Washington Post, by Edward Cody and Debbi Wilgoren (PARIS, France, Jan. 16, 2013) — An unspecified number of Americans were taken hostage by Islamist guerrillas early Wednesday in a brazen attack on a remote gas-production facility in Algeria, the U.S. State Department said.
The attack reportedly resulted in the death of two people and the capture of several dozen foreign workers, most of them European, officials in Europe and in Algeria told news agencies. Algeria’s news service said troops had surrounded the facility, the Associated Press reported.
Al-Qaeda in the Islamic Maghreb claimed responsibility for the attack and said it was retaliation for Algeria’s decision to allow France to use its airspace to send warplanes to neighboring Mali, where French forces have been conducting airstrikes and support operations since last week to aid Malian troops in their battle against Islamic insurgents.
“Algeria’s participation in the war on the side of France betrays the blood of the Algerian martyrs who fell in the fight against the French occupation,” the Nouakchott News Agency quoted a spokesman from the Masked Brigade, an group that is part of al-Qaeda in the Islamic Magreb, as saying.
Secretary of State Hillary Rodham Clinton had spoken about the situation to the U.S. ambassador in Algeria and to the Algerian prime minister, State Department spokeswoman Victoria Nuland said. Nuland refused to confirm claims by the al-Qaeda group that there were a total of 41 hostages, seven of them American.
“The best information we have at this time is that U.S. citizens are among the hostages,” Nuland said. “In order to protect their safety, I’m not going to get into numbers, I’m not going to get into names.”
In Mali, meanwhile, French troops in armored vehicles and machine-gun-mounted pickups were moving north toward the beleaguered town of Diabaly, setting the stage for what seemed likely to be their first major engagement on the ground since President Francois Hollande ordered the military intervention there six days ago.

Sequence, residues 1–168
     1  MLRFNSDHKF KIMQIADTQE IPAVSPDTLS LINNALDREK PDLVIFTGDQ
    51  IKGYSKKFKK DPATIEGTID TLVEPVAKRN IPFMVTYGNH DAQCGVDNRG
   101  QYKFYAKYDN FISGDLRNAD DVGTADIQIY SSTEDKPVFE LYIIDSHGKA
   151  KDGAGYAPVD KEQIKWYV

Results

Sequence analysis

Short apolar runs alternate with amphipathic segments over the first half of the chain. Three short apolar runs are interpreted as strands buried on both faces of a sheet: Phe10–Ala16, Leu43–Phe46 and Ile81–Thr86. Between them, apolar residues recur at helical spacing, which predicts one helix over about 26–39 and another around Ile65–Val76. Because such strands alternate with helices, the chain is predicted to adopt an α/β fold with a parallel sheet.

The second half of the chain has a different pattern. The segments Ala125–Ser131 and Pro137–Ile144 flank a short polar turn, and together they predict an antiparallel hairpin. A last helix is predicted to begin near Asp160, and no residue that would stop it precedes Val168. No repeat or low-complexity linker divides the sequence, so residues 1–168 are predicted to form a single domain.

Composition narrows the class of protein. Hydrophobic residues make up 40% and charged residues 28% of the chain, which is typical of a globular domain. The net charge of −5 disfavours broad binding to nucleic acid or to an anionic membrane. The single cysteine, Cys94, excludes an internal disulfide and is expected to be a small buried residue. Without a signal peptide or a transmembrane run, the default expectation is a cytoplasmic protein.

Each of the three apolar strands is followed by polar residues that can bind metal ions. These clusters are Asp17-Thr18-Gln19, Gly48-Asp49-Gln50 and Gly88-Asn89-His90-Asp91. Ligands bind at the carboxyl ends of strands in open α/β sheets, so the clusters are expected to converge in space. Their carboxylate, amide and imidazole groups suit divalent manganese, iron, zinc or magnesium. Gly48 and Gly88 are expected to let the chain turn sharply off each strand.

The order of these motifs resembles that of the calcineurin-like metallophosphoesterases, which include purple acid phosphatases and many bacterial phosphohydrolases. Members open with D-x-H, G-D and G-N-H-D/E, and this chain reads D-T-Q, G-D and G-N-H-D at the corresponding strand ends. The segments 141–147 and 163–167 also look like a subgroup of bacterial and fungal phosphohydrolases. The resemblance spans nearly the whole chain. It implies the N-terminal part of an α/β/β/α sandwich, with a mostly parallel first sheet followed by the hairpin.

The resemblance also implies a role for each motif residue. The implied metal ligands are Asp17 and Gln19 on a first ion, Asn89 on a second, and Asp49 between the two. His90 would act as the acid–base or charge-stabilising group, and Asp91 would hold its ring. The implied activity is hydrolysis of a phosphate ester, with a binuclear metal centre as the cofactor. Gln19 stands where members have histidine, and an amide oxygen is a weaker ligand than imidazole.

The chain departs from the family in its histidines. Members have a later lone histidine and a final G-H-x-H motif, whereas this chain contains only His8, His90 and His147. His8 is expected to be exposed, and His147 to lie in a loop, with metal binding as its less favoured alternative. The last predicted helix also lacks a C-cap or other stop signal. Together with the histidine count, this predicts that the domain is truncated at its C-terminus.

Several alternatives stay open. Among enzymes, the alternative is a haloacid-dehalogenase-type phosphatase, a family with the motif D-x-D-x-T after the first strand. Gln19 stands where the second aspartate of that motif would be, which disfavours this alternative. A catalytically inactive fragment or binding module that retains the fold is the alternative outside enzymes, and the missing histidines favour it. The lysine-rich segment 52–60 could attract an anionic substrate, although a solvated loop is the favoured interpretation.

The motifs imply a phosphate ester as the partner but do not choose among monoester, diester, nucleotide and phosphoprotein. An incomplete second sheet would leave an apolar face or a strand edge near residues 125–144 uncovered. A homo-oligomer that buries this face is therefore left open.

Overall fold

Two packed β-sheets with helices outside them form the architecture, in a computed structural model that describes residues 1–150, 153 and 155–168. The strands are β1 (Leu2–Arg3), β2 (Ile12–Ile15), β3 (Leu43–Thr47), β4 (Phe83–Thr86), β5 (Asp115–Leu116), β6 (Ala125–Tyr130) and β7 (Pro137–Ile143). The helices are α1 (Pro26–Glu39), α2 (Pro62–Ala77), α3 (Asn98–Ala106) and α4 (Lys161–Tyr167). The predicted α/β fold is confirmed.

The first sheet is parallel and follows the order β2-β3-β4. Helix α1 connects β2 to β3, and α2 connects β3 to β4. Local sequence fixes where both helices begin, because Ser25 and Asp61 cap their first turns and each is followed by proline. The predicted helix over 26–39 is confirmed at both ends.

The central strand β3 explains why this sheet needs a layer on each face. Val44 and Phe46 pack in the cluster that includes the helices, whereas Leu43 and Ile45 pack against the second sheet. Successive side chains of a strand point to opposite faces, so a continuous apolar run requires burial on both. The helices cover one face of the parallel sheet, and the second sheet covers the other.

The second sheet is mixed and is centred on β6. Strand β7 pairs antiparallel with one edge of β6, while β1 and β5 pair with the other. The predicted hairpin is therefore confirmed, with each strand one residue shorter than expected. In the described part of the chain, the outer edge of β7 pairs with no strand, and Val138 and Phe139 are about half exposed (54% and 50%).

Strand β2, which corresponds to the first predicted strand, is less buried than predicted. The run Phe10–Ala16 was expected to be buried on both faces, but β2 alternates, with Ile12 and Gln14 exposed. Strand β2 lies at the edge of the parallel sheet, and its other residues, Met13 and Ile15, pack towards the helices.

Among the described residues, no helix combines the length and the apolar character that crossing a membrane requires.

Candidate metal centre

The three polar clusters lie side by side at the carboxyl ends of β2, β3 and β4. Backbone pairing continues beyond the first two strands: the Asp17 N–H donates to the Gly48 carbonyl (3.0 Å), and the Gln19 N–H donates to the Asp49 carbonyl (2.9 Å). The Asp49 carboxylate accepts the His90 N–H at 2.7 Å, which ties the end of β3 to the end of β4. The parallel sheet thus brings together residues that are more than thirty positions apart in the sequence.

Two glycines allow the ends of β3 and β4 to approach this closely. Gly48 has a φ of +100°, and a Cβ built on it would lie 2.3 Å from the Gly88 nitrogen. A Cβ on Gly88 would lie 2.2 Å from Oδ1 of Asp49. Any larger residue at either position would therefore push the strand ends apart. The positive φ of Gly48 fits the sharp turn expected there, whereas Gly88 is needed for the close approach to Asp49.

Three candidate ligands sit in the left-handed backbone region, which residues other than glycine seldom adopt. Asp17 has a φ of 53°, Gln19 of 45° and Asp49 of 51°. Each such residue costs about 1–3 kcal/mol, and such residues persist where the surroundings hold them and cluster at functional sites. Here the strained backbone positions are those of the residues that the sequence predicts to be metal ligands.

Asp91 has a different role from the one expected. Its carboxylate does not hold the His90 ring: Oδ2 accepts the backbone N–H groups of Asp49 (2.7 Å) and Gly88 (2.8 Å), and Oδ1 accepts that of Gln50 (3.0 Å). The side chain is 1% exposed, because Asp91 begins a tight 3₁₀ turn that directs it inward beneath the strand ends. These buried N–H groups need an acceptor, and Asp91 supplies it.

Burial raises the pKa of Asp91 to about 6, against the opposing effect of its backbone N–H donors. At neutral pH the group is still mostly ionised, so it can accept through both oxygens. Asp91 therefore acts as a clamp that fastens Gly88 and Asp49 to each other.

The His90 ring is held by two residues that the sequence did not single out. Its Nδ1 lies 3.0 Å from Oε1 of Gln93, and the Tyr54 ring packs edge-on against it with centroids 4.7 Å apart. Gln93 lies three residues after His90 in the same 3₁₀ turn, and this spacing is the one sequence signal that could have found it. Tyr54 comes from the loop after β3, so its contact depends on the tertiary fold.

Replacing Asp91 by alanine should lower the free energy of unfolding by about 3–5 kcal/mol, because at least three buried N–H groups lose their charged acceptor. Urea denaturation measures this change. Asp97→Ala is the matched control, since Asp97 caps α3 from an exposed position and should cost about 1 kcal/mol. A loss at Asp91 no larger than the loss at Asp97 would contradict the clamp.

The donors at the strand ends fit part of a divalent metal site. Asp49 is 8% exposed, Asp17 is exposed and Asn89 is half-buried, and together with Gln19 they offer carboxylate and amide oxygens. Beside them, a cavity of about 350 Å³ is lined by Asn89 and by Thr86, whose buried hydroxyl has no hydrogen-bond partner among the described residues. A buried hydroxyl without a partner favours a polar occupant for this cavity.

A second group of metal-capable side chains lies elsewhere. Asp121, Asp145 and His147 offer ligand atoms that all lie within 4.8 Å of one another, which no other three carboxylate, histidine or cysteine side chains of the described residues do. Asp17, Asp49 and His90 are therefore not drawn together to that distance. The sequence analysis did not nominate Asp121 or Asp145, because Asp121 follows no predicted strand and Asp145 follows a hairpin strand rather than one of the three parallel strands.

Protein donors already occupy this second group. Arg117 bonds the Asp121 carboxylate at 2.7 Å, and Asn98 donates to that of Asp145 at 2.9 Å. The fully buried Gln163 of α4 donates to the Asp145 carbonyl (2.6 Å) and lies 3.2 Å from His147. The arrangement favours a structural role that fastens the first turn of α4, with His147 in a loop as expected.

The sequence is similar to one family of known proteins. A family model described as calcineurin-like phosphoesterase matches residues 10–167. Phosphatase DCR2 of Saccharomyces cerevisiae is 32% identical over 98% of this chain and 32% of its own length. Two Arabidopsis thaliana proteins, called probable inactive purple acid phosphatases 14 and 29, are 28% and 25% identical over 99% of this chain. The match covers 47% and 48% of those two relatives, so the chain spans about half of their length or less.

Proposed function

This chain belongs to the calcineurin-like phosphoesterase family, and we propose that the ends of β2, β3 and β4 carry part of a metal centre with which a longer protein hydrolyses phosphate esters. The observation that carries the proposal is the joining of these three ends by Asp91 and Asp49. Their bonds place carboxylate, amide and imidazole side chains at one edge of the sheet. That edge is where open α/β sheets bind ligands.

The troop movements were recorded by journalists on the scene. Some reports said French special forces advisers were already in Diabaly, battling alongside Malian soldiers.
An all-out attack on the town by French ground forces would sharply raise the risk of casualties and of criticism of the operation from within France, where leaders across the political spectrum so far have expressed support. Fighting would probably have to proceed at close quarters, house to house, robbing the French forces of the overwhelming technological advantage they have had while their role was limited to airstrikes and attempts to buck up the disorganized Malian army.
It would be a dramatic change from the 2011 Libya intervention, in which no French casualties were reported despite months of bombing and the presence on the ground of an unknown number of special forces.
In what could be a taste of things to come, former French president Valery Giscard d’Estaing warned Hollande on Wednesday against letting the French intervention evolve into a “neocolonialist” type of action. “France should limit itself strictly to its logistical support to African forces,” he told the newspaper Le Monde.
Details of the attack on the gas facility in eastern Algeria remained murky hours later. Armed assailants burst into the facility at In Amenas, about 800 miles southeast of Algiers, the capital, according to Britain’s BP, which helps operate the site, and the British Foreign Ministry. The remote facility, on the border with Libya, is operated by BP, Norway’s Statoil and Sonatrach, the Algerian state oil company.
BP said a group of “unidentified armed people” attacked and occupied the facility at 5 a.m. and, as of late afternoon, were still occupying the site. The company said it had not confirmed the “identity or intention of the people occupying the site.”
“We do not yet have confirmed information on the status of the personnel at the site but believe some are being held by the occupiers,” the company said in a statement issued in London.
Reports quoting Algerian security sources in the region varied considerably; some said that a British security guard was killed and that several Japanese and other Europeans were taken hostage. The Irish deputy prime minister, Eamon Gilmore, demanded the release of an Irish hostage, suggesting he was among those being held.
The Algerian Interior Ministry said at least one person was dead, without specifying the nationality.
Since the French military intervention in Mali began Friday, al-Qaeda in the Islamic Maghreb and other Islamist militias have issued a number of threats, saying Hollande would be made to pay for his actions. Al-Qaeda in the Islamic Maghreb was started in Algeria in the late 1990s. It has turned Mali’s vast northern stretches into a haven for guerillas and terror organizations.
Wilgoren reported from Washington. Anthony Faiola in London contributed to this report.